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Seasonal changes in the numerical responses of predators to cyclic vole populations

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Theoretical models predict that a delayed density-dependent mortality factor with a time lag of ca 9 months is able to drive 3–5-yr population cycles of northern voles. We studied numerical responses of predators in western Finland during 1986–92, in an area with 3-yr population cycles of voles. Abundances of small mammals were monitored in several farmland areas (each 3 km2) by snap-trapping in April, June, August, and October (only in 1986–90), and the abundances of avian, mammalian, and reptilian predators by visual censuses during trapping occasions. The 3-yr cycle studied was a cycle of Microtus voles (field vole M. agrestis and sibling vole M. rossiaemeridionalis) and their small-sized predators (small mustelids and vole-eating birds of prey). The numerical responses of both migratory avian predators and small mustelids to changes in vole densities were more alike than different. In late summer (August), the time lag in the numerical response of all main predators was short (0–4 months), whereas longer time lags prevailed from spring to early summer. The length of the time lag in spring appeared to be related to the length of the winter, which indicates that strong seasonality may create longer time lags to the numerical response of predators at northern latitudes than at more southern latitudes. Our results suggest that, from spring to early summer, predation by migratory avian predators may act in concordance with mustelid predation to produce the long time lag necessary to drive the 3-yr cycle of voles, whereas almost direct density-dependent predation by all major predators in late summer may dampen spatial variation in prey densities.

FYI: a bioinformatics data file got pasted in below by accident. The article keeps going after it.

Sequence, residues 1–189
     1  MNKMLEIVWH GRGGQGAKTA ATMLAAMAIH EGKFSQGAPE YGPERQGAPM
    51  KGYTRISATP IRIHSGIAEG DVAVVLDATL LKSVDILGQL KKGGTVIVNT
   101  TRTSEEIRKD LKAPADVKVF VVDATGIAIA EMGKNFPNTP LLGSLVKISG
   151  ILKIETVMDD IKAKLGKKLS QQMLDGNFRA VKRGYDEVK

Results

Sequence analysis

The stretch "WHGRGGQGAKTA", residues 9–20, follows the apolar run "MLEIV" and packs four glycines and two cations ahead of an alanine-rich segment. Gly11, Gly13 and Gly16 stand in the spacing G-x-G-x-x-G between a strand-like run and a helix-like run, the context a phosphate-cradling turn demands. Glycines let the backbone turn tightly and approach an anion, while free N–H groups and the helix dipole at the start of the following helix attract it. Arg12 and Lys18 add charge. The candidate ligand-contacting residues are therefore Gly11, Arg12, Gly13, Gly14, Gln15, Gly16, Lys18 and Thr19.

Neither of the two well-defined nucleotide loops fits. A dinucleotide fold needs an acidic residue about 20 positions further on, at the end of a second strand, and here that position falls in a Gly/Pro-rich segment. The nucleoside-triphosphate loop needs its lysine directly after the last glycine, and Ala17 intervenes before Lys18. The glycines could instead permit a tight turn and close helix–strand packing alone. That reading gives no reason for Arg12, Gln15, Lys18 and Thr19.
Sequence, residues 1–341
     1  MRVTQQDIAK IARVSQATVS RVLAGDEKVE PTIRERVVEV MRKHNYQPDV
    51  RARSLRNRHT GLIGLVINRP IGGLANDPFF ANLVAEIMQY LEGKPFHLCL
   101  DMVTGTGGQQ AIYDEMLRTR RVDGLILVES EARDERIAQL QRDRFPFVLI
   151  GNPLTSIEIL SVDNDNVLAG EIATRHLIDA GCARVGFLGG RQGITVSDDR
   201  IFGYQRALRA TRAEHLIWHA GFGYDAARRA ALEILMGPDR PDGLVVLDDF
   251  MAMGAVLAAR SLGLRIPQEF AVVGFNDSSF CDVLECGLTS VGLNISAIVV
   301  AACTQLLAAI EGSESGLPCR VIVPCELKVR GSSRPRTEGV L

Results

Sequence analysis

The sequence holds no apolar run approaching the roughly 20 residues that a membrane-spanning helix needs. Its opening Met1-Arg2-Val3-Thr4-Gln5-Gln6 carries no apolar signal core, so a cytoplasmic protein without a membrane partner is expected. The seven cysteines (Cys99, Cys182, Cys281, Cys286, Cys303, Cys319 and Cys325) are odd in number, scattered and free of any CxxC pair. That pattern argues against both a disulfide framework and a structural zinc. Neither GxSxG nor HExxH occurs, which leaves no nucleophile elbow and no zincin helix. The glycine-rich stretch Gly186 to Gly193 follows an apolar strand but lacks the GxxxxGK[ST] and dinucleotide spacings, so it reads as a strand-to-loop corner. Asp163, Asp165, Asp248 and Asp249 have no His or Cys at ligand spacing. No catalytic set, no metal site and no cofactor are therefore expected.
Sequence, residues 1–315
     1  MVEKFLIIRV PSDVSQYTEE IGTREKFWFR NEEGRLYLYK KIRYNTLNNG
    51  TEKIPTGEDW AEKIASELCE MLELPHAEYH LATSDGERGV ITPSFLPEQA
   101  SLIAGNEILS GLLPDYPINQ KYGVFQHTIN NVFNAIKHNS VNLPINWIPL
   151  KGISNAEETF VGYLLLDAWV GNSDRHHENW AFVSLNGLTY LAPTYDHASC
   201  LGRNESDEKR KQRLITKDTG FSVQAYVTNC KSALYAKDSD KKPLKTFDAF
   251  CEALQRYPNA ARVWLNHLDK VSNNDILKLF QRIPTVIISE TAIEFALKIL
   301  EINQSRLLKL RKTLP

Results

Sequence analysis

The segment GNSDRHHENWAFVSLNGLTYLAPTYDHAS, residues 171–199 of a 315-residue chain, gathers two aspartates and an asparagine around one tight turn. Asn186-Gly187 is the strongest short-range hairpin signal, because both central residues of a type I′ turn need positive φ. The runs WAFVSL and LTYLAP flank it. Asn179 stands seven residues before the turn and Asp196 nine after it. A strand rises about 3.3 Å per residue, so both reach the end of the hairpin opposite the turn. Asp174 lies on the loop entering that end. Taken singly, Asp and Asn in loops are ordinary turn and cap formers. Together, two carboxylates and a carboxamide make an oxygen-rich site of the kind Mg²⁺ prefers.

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Document Type: Research Article

Publication date: August 1, 2002

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